When dealing with Heidegger’s philosophical testament, one is forced to confront a unique combination of blindness and insight. “The nothing nothings,” Heidegger claimed in his Freiburg university inaugural lecture, “What is Metaphysics?” (1929). When the logical positivist Rudolf Carnap read this statement in the early 1930s, he considered it to be beneath the threshold of “sense” or discursive intelligibility. And from this observation, he drew the radical conclusion that Heidegger’s philosophy was essentially meaningless, devoid of sense. Here, Carnap may have overreacted; but, when all is said and done, there remain too many obscurities in Heidegger’s thought that, among the faithful, pass for self-evident truths. Heidegger’s supporters do him no service by treating his more questionable and portentous insights and claims with reverence rather than subjecting them to the open-minded critical scrutiny that all thought (Denken) deserves.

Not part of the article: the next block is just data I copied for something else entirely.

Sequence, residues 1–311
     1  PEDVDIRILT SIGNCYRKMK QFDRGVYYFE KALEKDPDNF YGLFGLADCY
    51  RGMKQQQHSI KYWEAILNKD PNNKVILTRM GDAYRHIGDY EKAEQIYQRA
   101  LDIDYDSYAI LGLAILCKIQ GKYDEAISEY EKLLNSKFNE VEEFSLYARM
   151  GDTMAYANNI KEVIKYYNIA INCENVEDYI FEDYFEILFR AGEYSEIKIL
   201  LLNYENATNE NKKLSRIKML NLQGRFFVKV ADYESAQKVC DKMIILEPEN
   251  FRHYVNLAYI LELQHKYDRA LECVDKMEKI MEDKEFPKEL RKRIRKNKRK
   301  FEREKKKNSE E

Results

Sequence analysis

Richard Wolin is an American intellectual historian. He is Distinguished Professor of History at the Center Univerity of New York (CUNY Graduate Center), where he has worked since 2000. He is known for a series of Platonic attacks on postmodernism in general, and on particular contributors to and sources of its late twentieth century formulation, including Nietzsche and Heidegger. Before going to CUNY, he was a professor at Rice University in Houston, Texas. Main publications : Walter Benjamin: An Aesthetic of Redemption (1982) ; The Politics of Being: The Political Thought of Martin Heidegger (1990) ; The Seduction of Unreason: The Intellectual Romance with Fascism from Nietzsche to Postmodernism (2004) ; The Wind from the East: French Intellectuals, the Cultural Revolution, and the Legacy of the 1960s (2010).